By Yui Yamazaki/Kyodo News

ÖSAKA — The Guinness Book of World Records has recognized a Japanese jazz trio as the band with the oldest average age: 83 years.

The members of the group, Golden Senior Trio, live in the Kansai region of Japan. They are vibraphonist Naoteru Nabeshima, pianist Zensho Otsuka and bassist Naosuke Miyamoto.

Each of the musicians had their own separate groups. They formed the trio in 2008 in response to calls from their fans.

In order to be considered for the Guinness record, the band had to show proof that they had played more than 20 gigs in five years. The official thumbs-up from Guinness came last July.

According to Guinness World Records, a group from China held the previous record at 76 years.

Naoteru Nabeshima, the oldest member at 89, hails from musical lineage. His parents were classical musicians — his father was a violinist and his mother a pianist.

Nabeshima maintained his passion for music even during World War II, when Japanese people were prohibited from playing Western music. Nabeshima, who was in the Navy at the time, said he would stare at musical scores so he would not forget how to play.

He was introduced to the vibraphone after the war by American artist Emil Richards at a U.S. military base in Sendai. Despite strong opposition from his parents, Nabeshima decided to pursue a career in jazz music.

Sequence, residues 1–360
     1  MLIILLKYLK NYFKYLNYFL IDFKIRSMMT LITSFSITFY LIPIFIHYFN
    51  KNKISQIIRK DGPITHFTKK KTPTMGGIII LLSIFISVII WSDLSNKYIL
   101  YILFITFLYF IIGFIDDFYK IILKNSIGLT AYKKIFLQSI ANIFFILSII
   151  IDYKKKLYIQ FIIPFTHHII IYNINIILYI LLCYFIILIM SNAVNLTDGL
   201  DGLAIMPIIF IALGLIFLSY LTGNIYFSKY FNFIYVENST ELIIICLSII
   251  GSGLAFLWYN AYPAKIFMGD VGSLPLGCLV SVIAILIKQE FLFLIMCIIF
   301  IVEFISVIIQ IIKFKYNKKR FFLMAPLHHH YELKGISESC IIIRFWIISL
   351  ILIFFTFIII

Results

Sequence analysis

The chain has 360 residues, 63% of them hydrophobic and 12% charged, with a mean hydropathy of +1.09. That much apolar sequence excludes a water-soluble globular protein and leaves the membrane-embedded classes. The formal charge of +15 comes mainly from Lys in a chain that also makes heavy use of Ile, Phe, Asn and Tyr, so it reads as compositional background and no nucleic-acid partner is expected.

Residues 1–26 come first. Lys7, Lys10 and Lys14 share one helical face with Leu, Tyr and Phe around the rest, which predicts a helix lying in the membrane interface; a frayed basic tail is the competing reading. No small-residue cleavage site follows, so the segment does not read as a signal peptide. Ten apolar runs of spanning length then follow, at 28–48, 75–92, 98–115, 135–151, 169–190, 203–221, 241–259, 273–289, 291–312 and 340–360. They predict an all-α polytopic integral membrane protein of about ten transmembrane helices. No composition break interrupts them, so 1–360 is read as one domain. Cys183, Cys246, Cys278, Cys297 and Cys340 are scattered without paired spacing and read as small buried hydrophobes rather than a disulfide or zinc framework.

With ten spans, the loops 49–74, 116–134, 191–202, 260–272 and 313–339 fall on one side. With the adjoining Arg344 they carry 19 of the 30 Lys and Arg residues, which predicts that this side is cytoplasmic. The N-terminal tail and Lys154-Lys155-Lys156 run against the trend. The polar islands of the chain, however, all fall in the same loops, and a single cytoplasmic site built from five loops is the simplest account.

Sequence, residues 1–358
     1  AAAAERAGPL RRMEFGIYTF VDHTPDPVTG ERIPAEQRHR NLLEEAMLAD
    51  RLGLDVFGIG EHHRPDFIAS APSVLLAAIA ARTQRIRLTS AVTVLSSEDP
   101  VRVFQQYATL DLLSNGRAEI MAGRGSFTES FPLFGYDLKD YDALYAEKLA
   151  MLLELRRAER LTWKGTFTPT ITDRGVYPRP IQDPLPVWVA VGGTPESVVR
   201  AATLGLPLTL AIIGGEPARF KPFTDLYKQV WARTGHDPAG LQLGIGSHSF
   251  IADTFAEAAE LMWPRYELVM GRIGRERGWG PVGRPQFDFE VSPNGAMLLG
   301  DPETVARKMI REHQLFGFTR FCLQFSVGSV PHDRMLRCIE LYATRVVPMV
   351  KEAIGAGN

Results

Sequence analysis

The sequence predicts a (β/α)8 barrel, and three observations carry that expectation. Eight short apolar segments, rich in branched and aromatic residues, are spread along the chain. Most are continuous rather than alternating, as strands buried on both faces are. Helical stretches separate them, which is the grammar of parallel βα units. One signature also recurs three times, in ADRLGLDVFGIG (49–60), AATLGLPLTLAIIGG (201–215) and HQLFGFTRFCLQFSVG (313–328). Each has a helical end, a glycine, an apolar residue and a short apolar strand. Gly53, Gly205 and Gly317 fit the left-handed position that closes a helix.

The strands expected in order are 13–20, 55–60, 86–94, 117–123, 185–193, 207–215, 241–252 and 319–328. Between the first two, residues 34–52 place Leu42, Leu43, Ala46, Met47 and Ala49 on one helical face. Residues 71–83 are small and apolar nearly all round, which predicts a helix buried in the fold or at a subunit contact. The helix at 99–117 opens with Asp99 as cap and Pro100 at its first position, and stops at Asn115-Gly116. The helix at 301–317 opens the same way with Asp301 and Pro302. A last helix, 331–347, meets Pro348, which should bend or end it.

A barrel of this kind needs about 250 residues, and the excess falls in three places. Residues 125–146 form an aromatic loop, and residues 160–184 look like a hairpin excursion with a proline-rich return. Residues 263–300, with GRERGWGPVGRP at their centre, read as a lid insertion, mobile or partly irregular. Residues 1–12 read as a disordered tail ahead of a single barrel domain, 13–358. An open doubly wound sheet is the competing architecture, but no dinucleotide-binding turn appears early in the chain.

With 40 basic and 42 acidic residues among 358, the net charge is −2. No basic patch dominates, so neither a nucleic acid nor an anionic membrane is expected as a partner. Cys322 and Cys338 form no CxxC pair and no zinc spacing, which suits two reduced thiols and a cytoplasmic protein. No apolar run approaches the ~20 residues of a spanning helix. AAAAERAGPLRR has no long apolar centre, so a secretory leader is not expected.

Otsuka, who, at 81 heads the Kansai Jazz Society, said he developed a good ear for music at a young age, thanks to his grandmother, a Christian, who practiced her hymns on an organ at home. While in high school in Ösaka, Otsuka composed a song that was selected as the school’s anthem, and remains so to this day.

Otsuka and 79-year-old Miyamoto met in a jazz cafe in Köbe around 1956. Miyamoto had been a talented bassist, even as a student. Nabeshima and Otsuka say don’t need a drummer because Miyamoto’s bass rhythm is reliable.

The group, whose repertoire includes a jazz version of Beethoven’s Piano Sonata Pathetique, says it straddles genres. Nabeshima said he hopes also to “express the beauty of melodies of old Japanese music through jazz.”


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